Lake Norman Chamber Legislative e-Brief April 28, 2011

Chamber members and stakeholders:

Focus Friday – Focus on Gun Rights vs. Property Rights

Friday, Chamber members will have a chance to weigh in on a controversial bill in the North Carolina General Assembly:

House Bill 63 Firearm in Locked Motor Vehicle/Parking Lot. 

The Chamber’s monthly Focus Friday program will feature discussion led by Brian Sisson, former Huntersville Town Board Member and Owner of The Range at Lake Norman who will speak in favor of the bill and gun rights.  Mohammad Jenatian, president of The Greater Charlotte Hospitality and Tourism Alliance will present “property owners” rights and why the bill should not be approved.

The event will be held Friday, April 29 from 8-9:30 am at the FLATIRON Kitchen & Taphouse in Davidson.  A light continental breakfast will be served with the FLATIRON serving as the event Food Sponsor and  CorneliusNews.net / DavidsonNews.net serving as the Focus Friday Presenting Sponsor.  While there is no cost to attend, the Chamber asks that those interested in attending RSVP by visiting the Focus Friday event registration on the website under This Month’s Events – Focus Friday or by calling the Chamber at 704-892-1922.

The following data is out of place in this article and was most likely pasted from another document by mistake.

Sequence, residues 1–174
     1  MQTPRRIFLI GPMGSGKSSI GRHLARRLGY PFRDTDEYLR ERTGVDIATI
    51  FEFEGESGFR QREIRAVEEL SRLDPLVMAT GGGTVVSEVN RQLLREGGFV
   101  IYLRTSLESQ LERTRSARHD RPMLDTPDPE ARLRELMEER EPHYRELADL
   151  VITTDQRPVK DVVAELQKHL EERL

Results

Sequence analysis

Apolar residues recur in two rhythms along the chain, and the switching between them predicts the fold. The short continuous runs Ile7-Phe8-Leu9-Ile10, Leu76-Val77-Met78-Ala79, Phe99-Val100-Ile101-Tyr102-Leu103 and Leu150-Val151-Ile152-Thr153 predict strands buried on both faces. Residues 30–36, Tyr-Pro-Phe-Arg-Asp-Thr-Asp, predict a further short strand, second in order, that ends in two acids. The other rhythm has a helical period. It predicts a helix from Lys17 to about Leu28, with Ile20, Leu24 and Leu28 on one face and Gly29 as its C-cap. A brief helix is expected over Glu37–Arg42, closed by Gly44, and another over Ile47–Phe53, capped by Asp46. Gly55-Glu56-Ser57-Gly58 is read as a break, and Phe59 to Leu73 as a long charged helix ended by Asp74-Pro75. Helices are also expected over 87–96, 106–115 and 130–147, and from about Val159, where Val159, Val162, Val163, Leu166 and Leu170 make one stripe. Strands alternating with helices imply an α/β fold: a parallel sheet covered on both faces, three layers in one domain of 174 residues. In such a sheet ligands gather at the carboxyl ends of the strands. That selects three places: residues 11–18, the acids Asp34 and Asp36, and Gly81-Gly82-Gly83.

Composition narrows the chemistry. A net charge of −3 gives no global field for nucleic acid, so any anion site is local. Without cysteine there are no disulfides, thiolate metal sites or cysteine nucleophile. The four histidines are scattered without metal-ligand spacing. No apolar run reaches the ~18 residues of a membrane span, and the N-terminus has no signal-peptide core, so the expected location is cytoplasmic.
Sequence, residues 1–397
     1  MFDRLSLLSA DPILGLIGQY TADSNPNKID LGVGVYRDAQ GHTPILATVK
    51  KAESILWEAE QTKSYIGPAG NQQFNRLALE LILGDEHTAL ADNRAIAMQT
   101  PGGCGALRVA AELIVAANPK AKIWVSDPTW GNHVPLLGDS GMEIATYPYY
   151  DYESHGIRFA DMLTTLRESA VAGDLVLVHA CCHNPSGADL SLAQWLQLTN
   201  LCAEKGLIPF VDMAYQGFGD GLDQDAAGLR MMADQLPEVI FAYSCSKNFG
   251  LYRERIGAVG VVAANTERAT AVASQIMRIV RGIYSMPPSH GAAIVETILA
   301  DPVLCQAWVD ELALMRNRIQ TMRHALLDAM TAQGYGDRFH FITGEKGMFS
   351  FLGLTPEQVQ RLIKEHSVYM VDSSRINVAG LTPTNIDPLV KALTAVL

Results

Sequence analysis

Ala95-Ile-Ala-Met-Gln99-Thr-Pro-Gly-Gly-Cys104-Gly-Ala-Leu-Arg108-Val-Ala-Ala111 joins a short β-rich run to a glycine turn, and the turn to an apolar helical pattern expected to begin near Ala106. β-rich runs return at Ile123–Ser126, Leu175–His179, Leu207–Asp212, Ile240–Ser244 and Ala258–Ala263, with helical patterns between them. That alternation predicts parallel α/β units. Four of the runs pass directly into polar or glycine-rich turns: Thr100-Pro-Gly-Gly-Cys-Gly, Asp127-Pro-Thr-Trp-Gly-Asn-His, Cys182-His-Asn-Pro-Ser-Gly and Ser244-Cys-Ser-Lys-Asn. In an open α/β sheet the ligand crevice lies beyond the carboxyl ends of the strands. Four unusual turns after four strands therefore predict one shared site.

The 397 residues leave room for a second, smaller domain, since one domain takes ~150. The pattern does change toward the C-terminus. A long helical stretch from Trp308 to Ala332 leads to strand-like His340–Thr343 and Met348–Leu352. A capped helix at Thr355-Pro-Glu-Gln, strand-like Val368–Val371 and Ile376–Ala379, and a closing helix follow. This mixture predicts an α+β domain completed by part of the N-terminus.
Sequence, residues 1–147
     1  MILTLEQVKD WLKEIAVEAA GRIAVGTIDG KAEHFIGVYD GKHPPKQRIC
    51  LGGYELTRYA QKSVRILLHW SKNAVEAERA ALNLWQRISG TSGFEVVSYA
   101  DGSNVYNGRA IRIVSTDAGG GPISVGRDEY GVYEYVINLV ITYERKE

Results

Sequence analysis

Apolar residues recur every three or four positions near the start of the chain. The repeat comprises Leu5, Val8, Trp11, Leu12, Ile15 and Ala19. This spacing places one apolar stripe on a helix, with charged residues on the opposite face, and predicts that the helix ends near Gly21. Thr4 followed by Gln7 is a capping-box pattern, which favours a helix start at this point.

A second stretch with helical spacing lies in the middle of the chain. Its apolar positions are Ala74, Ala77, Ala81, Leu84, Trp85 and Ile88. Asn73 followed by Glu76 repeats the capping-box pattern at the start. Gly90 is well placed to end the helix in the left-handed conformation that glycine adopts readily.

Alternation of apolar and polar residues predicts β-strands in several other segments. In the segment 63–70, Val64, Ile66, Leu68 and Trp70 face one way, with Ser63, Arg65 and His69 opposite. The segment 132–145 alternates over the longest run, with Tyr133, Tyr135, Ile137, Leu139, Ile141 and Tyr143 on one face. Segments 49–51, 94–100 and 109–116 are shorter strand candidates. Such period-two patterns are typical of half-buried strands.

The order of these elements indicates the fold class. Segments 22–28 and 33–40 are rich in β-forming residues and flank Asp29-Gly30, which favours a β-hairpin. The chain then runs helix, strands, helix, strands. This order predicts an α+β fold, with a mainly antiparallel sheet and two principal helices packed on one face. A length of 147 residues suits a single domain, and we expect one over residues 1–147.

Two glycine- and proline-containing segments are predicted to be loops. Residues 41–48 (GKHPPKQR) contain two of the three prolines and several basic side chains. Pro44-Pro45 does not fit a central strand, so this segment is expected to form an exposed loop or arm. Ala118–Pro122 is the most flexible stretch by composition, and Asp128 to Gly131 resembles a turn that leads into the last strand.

Chamber Mixer at Peninsula Yacht Club – Friday, April 29th 5:00 –8:00 pm

Lake Norman Chamber members and their guests are invited to a special networking mixer at the Peninsula Yacht Club on Lake Norman this Friday, from 5:00 to 8:00 PM.  This special open house will include light Hors d’oeuvres, musical entertainment, refreshments and tours.  Music by Wally & Dave will highlight an afternoon on the water as businesses and guests have the chance to socialize and network on beautiful Lake Norman with the Peninsula Yacht Club as the backdrop.  You must RSVP to Sue Riessett at 704-892-9858 ext. 31.

Small Business Week – May 16-20

Each year since 1963, the President of the United States has proclaimed National Small Business Week to recognize the contributions of small businesses to the economic well-being of America.  During the week, we will recognize a Small Business of the Year.  If you have a nomination for the award or would like to nominate your own business, Visit Lake Norman Chamber Small Business of the Year.

Recommended Reading